Through the raised garage door was an open parlor of exposed brick and beams, where I was greeted by Jersey Banks, a dancer/model turned one-woman innkeeper and concierge service (or in Urban Cowboy lingo, “Director of Cultural Curation, Park Ranger, Ranch Hand”), and Lyon, looking like a Disney prince who played professional hockey, which he did, his strong butt-chin marked with a scar that somehow seemed stylish.
He gave me a tour of the rooms upstairs, including the hostel-like Dream Catcher ($100 per night, “For the Lone Ranger all about that Urban Cowboy Life!”) and the Peace Pipe ($200), pointing out the gramophone chandelier between them.
But his real pride was reserved for the free-standing Kanoono Cabin in the backyard ($400 per night), complete with plank wood floors and claw foot bathtub. “I sourced that door underneath the BQE in Gowanus for $200,” he beamed. “I bartered with someone in the middle of nowhere Ohio for that,” he rattled off, pointing to the functional pot belly stove. (Lyon collaborated with designer Renee Mee on the scavenging and the overall aesthetic.)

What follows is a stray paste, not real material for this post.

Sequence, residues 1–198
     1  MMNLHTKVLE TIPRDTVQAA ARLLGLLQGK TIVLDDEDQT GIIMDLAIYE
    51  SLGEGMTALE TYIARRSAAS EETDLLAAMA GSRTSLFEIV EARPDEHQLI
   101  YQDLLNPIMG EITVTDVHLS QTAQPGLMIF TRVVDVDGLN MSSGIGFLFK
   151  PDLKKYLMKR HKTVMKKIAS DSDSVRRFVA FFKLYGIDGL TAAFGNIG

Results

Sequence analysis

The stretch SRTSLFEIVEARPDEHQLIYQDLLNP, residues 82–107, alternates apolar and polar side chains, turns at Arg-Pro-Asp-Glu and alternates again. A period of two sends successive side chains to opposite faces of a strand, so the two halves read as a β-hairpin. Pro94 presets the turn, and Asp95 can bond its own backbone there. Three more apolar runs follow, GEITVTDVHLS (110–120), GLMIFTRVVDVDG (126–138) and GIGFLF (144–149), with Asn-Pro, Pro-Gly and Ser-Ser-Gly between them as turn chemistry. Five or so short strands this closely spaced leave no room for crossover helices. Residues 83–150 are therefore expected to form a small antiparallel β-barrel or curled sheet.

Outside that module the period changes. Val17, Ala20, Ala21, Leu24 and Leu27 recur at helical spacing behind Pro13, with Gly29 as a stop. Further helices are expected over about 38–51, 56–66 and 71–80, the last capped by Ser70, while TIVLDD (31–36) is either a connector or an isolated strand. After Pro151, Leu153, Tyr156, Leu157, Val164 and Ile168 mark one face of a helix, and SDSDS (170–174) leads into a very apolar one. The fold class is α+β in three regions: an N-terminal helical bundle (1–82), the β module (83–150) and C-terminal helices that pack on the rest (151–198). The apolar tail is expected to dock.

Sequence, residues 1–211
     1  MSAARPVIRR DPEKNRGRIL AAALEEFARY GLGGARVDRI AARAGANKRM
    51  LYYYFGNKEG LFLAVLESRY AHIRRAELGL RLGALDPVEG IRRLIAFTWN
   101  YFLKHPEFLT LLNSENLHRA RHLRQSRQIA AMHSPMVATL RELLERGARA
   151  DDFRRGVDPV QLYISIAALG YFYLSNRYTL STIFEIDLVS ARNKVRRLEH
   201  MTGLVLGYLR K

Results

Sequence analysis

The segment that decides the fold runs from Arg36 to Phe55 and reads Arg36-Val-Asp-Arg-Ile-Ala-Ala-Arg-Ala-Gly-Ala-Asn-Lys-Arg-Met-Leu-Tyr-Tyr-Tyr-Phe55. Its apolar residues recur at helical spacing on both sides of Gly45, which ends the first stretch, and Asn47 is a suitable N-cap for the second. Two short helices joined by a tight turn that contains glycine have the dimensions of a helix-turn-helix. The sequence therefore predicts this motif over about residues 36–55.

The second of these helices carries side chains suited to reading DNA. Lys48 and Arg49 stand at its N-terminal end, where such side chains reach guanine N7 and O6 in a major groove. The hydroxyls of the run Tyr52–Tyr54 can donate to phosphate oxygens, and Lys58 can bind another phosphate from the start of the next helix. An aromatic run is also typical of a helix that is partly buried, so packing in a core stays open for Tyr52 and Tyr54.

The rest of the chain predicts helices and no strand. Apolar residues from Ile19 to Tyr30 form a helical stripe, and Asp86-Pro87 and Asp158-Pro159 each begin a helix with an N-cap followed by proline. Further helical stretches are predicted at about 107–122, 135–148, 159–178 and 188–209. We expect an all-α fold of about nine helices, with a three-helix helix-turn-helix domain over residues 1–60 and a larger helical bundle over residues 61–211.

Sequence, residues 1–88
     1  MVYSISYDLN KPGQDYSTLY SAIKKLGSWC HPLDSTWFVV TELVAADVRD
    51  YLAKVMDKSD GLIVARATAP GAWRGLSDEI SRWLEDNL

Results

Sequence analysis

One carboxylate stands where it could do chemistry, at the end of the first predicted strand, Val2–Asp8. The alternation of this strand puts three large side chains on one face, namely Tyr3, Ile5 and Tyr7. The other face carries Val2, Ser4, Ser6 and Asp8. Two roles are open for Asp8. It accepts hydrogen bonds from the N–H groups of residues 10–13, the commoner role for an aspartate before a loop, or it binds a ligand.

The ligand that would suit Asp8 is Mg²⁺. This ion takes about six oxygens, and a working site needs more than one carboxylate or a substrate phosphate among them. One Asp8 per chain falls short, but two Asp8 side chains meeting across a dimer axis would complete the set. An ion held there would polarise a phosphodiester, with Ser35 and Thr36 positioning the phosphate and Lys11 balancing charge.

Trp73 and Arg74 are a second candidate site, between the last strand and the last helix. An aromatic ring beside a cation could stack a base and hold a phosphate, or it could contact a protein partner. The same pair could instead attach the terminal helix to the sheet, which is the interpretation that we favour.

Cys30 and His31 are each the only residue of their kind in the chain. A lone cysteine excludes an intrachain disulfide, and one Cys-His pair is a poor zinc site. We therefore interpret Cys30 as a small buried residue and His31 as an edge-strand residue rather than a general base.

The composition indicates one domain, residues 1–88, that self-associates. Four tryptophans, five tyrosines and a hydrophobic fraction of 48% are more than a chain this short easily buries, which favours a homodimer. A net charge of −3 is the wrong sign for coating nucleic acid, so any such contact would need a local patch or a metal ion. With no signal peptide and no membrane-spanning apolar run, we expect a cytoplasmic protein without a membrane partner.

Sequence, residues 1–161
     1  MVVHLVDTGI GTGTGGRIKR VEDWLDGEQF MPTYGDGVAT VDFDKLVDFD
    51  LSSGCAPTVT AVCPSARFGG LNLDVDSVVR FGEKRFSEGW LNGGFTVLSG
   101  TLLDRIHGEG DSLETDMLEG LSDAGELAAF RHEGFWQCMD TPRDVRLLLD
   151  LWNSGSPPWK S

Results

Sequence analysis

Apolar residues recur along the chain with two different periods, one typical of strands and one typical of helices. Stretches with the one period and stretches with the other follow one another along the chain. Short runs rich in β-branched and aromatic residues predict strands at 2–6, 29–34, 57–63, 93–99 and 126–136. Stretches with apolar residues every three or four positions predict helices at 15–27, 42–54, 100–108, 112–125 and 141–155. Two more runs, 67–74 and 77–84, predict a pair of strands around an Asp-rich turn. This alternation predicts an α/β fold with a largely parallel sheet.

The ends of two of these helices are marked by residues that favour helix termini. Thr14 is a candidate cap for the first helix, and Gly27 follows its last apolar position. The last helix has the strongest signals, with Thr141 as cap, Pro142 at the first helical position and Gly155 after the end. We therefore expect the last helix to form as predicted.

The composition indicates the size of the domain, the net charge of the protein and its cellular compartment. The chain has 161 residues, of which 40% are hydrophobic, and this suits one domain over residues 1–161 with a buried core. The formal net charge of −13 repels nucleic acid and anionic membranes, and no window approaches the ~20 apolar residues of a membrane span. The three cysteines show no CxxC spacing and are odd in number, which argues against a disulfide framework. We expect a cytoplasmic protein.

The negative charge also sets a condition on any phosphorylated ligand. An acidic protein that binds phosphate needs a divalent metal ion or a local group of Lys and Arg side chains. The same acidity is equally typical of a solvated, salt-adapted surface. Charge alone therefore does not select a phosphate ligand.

“I’ve been carrying around that Jon Bon Jovi thing for like 15 years,” he said of the kitschy plaque above the mini-fridge. “It doesn’t work in a normal apartment. I just knew someday … ” he said. “It matches the walls perfectly.” Later, there was talk of building a “teepee” between the house and the cabin, next to the hot tub.
Kanoono, Lyon explained, “is what the Native Americans called the harbor of New York before the arrival of the white man.” But he doesn’t see that as a potential metaphor for how he’s helping to accelerate change in the still-developing area. “The gentrification of this neighborhood is inevitable,” he said. “As someone who’s sold condos in this neighborhood and helped develop it, for better or worse, I know I’m doing something good.” The neighbors have embraced him, he said, and even had him over for Sunday dinner. “There’s been no pushback.”